2021’s Top Ten Tech Cars: Polestar 2

Volvo’s new EV brand goes full Android

1 min read
Image of the 2021 Polestar 2 vehicle.
Photo: Polestar

The Polestar 2, the first offering from Volvo's new electric brand, breaks little ground in electric mobility. But its pioneering infotainment tech will soon become a staple of millions of cars around the globe.

Base price:

US $63,000

Polestar's milestone is Android Automotive OS, an open-source system that's essentially a declaration of surrender from automakers. Sure, automakers will still put their own spin on this stuff, but they seem to have given up their fierce resistance to the incursion of Google, Apple, or other disrupters into their sacrosanct vehicle interiors.

In its Scandinavian-sleek cabin, the Polestar 2 houses nearly every user control—Android-powered navigation, search, apps, and entertainment—on a tablet-style 11-inch touch screen. The cloud-based interface allows users to safely rely on voice or steering-wheel commands for Google Maps, Assistant, and Play Store while leaving their smartphone in a pocket or even switched off. It all works beautifully, especially for people whose emails, playlists, address books, and calendars are already bound up in the Google ecosystem and cloud.

Best of all, as cars age, instead of becoming a dinosaur in the dash (eight-track, anyone?) the Android Automotive stays forever young, updating as easily as any phone app. The lure and logic are obvious. That's why General Motors, Stellantis (the newly merged Fiat Chrysler and PSA Group), and the Renault-Nissan-Mitsubishi alliance are all on board, and will bring Android Automotive to their lineups over the next two years. Eventually, it's likely that all new cars will support both Android Auto and Apple's CarPlay, so regardless of which kind of smartphone you have, your car will work with it seamlessly.

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Video Friday: TurtleBot 4

Your weekly selection of awesome robot videos

4 min read

Video Friday is your weekly selection of awesome robotics videos, collected by your friends at IEEE Spectrum robotics. We'll also be posting a weekly calendar of upcoming robotics events for the next few months; here's what we have so far (send us your events!):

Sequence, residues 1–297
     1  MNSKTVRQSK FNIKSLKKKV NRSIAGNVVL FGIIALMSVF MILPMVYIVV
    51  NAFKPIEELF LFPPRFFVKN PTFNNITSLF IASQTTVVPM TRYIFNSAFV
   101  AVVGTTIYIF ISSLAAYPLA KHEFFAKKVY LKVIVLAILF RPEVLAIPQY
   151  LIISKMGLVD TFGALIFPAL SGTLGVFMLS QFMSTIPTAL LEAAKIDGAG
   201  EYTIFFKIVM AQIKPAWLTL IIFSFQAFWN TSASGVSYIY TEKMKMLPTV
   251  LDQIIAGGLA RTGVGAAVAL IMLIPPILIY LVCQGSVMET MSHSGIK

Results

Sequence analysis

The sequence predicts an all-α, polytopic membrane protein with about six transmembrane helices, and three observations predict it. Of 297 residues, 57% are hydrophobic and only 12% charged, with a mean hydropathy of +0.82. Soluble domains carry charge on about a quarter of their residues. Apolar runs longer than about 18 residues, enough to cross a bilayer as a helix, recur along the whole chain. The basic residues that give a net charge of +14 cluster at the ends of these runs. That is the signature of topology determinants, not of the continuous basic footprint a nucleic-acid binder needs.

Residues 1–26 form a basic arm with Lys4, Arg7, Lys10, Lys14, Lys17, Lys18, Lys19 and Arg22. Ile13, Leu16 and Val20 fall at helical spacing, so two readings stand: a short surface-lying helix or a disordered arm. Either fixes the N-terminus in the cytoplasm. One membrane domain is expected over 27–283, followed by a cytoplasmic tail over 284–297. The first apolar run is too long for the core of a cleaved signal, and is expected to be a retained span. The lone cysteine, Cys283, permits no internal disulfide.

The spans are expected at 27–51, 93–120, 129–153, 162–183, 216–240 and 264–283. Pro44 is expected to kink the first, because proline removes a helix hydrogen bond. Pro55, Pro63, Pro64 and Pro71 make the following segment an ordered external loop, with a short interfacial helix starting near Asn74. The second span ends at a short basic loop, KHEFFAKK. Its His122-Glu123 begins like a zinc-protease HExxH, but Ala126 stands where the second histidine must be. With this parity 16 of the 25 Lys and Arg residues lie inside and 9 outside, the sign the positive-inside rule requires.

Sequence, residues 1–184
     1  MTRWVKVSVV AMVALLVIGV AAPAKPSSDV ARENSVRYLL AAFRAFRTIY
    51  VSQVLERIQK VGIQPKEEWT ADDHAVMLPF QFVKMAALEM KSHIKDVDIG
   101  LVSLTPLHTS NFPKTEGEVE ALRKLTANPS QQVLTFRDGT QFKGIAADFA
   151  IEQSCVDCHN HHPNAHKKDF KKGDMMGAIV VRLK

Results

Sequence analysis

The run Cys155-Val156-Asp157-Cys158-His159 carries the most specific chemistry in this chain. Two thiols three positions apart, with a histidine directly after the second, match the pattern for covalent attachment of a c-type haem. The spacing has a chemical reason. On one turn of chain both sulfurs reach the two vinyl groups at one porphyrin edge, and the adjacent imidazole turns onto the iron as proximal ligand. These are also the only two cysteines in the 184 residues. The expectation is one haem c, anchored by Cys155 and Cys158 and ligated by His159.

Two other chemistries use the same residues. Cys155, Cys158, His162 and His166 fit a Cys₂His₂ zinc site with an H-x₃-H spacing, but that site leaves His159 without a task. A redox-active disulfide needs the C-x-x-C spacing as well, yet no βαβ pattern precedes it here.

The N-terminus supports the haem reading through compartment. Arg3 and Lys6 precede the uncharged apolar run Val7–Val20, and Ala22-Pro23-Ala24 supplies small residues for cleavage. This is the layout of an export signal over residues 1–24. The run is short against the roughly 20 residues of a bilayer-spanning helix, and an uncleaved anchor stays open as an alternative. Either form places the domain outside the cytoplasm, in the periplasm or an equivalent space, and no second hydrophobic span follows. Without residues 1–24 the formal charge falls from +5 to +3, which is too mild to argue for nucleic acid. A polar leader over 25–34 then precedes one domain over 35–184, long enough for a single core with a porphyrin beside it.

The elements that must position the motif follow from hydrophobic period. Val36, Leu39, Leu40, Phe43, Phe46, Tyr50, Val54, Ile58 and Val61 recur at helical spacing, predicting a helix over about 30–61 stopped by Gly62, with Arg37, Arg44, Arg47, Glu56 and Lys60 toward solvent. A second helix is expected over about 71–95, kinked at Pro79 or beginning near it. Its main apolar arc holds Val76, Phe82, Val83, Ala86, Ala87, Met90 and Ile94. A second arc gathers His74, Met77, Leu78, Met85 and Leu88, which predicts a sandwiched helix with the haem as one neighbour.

Silicon Valley Robot Block Party – October 23, 2021 – Oakland, CA, USA
SSRR 2021 – October 25-27, 2021 – New York, NY, USA

Let us know if you have suggestions for next week, and enjoy today's videos.

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Air Taxis Are Safe—According to the Manufacturers

But what keeps an eVTOL aloft when things go wrong?

6 min read

Joby Aviation is planning for a 240-kilometer range with its piloted aircraft, carrying up to four passengers.

Joby Aviation

Electric vertical take-off and landing (eVTOL) aircraft for urban commuting are currently under development by more than a dozen different companies. These concepts and prototypes, representing well over a billion dollars of venture capital investment in 2020 alone, promise that sometime in the near future, point-to-point travel between suburbs and urban centers will happen by air using innovative new flying vehicles that are fast, quiet, clean, and far more affordable than a helicopter. United Airlines has ordered 200 eVTOLs. American Airlines has ordered 250, with an option for 100 more. But none of these eVTOL platforms are yet certified to carry passengers, and as a fundamentally different approach to flight, there are still open questions about safety.

A significant difference in safety that separates many eVTOL designs from traditional aircraft (namely, airplanes and helicopters) is that eVTOLs often don't have a good way of passively generating lift in the event of a power system failure. An airplane can rely on its wings to provide lift even if it has no operational engines, and in several cases large passenger airliners with multiple engine failures have been able to make controlled long-distance glides to land safely. Similarly, helicopters can autorotate, using the unpowered rotor to generate enough lift to make a controlled descent and landing.

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EP29LPSP: Applications in Plasma Physics, Astronomy, and Highway Engineering

Ideal for demanding cryogenic environments, two-part EP29LPSP can withstand temperatures as low as 4K

3 min read

Since its introduction in 1978, Master Bond EP29LPSP has been the epoxy compound of choice in a variety of challenging applications. Ideal for demanding cryogenic environments, two-part EP29LPSP can withstand temperatures as low as 4K and can resist cryogenic shock when, for instance, it is cooled from room temperature to cryogenic temperatures within a 5-10 minute window. Optically clear EP29LPSP has superior physical strength, electrical insulation, and chemical resistance properties. It also meets NASA low outgassing requirements and exhibits a low exotherm during cure. This low viscosity compound is easy to apply and bonds well to metals, glass, ceramics, and many different plastics. Curable at room temperature, EP29LPSP attains its best results when cured at 130-165°F for 6-8 hours.

In over a dozen published research articles, patents, and manufacturers' specifications, scientists and engineers have identified EP29LPSP for use in their applications due to its unparalleled performance in one or more areas. Table 1 highlights several commercial and research applications that use Master Bond EP29LPSP. Table 2 summarizes several patents that reference EP29LPSP. Following each table are brief descriptions of the role Master Bond EP29LPSP plays in each application or invention.

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